Windows Privilege Escalation – AlwaysInstallElevated Policy

Introduction

The Windows installer is a tool that helps install new software using MSI packages. The AlwaysInstallElevated feature is a setting in Windows that lets regular users install software with high-level permissions, like those of the SYSTEM user.

This can be risky because it gives almost complete control over the computer. Microsoft advises against using this feature because it can make your computer vulnerable to attacks.

The Attack

If the AlwaysInstallElevated policy is turned on in a computer, a hacker could create a harmful .msi package and use it with high-level privileges, allowing them to run any code they want as SYSTEM.

To pull off this attack, the “AlwaysInstallElevated” setting in these Registry keys needs to be set to 1:

HKEY_CURRENT_USER\Software\Policies\Microsoft\Windows\Installer HKEY_LOCAL_MACHINE\Software\Policies\Microsoft\Windows\Installer

Example

First, we need to see if the necessary registry keys are turned on:

reg query HKCU\SOFTWARE\Policies\Microsoft\Windows\Installer /v AlwaysInstallElevated
reg query HKLM\SOFTWARE\Policies\Microsoft\Windows\Installer /v AlwaysInstallElevated

You can also see this using automated tools like WinPEAS.

winpeas.exe quiet systeminfo


In this case, we can create a reverse shell using MSFvenom. Here’s how:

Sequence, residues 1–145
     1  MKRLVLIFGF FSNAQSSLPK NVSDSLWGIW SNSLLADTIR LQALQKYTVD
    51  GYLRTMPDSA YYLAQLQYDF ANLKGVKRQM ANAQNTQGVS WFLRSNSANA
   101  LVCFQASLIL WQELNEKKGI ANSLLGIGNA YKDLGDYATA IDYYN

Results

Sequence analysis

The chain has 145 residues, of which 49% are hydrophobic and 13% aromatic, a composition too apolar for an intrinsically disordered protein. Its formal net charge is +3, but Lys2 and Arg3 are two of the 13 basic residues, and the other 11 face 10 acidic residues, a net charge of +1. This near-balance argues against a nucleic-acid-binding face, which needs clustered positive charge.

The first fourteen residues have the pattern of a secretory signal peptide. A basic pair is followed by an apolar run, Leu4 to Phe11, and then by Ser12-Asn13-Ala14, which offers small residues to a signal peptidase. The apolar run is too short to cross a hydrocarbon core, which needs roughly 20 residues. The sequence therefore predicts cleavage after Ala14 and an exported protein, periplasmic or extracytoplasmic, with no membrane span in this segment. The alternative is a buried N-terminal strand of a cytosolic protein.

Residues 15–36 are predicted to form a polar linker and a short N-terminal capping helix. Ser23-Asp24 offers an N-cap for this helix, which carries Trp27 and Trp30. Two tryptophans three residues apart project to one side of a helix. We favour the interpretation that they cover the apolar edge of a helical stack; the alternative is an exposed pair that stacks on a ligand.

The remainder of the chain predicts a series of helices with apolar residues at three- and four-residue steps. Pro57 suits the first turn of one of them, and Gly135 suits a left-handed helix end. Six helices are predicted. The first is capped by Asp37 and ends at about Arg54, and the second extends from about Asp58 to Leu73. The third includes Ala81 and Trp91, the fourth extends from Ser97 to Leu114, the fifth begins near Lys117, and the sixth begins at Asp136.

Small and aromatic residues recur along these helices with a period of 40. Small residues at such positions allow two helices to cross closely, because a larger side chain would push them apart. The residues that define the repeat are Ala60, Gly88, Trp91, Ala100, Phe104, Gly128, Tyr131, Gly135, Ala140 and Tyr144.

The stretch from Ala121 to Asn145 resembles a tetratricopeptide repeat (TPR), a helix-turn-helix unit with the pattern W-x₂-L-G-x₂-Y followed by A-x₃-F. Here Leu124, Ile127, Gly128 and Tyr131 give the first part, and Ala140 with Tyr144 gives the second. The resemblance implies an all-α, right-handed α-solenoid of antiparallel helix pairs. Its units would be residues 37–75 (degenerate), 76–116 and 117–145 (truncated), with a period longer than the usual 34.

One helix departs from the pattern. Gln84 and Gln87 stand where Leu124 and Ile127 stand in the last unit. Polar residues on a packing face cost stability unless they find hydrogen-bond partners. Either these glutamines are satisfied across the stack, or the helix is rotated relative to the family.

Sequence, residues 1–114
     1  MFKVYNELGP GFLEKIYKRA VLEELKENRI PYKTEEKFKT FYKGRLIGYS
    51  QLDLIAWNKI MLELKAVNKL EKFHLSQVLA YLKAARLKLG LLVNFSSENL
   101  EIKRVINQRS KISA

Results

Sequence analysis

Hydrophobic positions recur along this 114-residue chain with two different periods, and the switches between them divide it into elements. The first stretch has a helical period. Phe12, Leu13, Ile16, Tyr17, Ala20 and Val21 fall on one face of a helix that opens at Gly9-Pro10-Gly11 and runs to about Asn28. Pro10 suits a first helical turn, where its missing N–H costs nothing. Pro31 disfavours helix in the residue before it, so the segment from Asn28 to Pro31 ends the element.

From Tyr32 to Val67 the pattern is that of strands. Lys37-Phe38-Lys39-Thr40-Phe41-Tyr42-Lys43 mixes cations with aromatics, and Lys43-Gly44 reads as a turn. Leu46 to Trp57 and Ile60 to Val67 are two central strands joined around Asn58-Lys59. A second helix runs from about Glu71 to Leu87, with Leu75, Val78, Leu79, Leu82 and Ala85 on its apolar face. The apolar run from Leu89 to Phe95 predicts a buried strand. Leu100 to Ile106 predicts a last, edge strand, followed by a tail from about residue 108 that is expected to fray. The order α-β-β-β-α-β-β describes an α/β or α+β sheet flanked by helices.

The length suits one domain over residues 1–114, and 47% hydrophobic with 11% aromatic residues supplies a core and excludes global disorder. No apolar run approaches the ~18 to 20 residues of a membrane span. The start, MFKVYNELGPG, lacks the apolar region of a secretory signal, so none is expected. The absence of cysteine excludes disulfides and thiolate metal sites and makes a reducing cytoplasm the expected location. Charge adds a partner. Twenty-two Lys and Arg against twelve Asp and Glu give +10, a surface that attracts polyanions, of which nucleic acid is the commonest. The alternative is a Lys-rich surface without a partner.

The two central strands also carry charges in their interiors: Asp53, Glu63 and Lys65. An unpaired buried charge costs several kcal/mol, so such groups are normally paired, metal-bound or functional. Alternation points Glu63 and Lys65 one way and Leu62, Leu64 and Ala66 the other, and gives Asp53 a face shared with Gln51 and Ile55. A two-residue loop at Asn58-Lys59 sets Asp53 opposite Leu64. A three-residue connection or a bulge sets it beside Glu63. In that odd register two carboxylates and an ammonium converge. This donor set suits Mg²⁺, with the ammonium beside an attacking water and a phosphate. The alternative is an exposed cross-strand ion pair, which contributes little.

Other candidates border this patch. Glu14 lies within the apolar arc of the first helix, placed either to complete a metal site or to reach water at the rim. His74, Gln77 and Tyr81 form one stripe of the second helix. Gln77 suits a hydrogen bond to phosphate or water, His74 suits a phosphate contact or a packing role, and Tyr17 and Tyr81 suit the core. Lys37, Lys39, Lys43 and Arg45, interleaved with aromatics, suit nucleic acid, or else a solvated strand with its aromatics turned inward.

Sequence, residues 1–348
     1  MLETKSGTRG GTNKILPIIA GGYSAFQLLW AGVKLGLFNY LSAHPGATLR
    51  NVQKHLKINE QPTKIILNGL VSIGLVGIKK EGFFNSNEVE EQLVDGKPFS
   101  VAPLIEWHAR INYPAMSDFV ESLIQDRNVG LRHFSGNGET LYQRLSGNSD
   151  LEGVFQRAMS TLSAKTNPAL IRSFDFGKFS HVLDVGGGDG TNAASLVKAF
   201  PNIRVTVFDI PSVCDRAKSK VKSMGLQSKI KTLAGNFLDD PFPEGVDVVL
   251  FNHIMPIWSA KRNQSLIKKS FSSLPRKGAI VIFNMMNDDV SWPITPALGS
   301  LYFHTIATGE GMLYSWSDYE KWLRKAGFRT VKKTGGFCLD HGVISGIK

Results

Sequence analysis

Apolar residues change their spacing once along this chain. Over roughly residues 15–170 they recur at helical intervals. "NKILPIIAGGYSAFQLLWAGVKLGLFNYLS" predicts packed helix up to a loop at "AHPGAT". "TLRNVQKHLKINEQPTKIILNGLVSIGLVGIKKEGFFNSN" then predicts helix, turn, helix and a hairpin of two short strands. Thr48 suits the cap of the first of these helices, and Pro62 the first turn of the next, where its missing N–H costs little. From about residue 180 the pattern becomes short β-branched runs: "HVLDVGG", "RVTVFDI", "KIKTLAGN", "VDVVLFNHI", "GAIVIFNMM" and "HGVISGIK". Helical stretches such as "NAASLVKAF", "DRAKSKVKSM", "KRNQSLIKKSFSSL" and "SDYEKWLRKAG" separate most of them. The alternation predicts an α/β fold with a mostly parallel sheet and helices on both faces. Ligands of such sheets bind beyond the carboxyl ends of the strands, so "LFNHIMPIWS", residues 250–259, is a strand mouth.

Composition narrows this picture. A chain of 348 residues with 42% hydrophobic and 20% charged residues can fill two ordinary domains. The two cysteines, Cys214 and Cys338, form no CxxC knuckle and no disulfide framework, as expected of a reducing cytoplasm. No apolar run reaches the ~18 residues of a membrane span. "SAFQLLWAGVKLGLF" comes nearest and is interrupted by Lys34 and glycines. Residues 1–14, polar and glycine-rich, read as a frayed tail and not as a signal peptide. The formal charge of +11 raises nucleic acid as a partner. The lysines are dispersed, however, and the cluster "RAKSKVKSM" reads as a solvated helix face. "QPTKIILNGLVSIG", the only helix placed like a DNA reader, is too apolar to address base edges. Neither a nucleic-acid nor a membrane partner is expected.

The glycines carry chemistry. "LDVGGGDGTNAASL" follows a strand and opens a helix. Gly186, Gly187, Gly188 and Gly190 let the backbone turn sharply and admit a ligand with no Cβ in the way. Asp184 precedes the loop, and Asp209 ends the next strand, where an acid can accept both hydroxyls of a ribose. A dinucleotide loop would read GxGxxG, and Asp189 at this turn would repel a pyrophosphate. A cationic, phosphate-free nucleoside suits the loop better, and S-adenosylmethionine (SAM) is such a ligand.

• Use the -p flag to choose the payload type, which is the Windows reverse TCP shell.
  • Specify the local host IP address to connect to using LHOST.
  • Set the local port to connect to using LPORT.
  • Use the -f flag to specify the format, which is MSI in this case.

You can move the shell.msi file to the Windows victim machine by using a Python web server and the Windows Certutil utility.

Next, we need to arrange a Netcat listener. This will capture our reverse shell once the victim host executes it. Here’s how:

  • Use the -l flag to start listening for incoming connections.
  • Add -v for verbose output.
  • Include -n to skip the DNS lookup.
  • Specify the port to listen on using -p.

You can then use the following command to install the .msi file:

msiexec /quiet /qn /i file.msi


The flags serve these purposes:

/quiet – It allows quiet mode, so no user interaction is necessary. /qn – It signifies no user interface (UI) will show during installation. Specifies normal installation.

After the package is installed, the harmful code runs, giving SYSTEM level access to the system via a reverse shell.

Metasploit Exploitation

This vulnerability can also be abused using the always_install_elevated Metasploit module.

Once you have a meterpreter shell, all you need to do is background the session, look for and select the module, set the session value, and run it.

This has given us a shell with SYSTEM level access. It’s important to try the attack manually first, especially if you’re practicing it for the first time.

Conclusion


In conclusion, since this policy allows users to install applications needing access to restricted directories and registry keys, system administrators should assess if it offers an adequate level of security.

When it’s not enabled, applications are installed using the user’s privileges, and only managed applications receive elevated privileges.


Read More: https://techyrick.com/blog/

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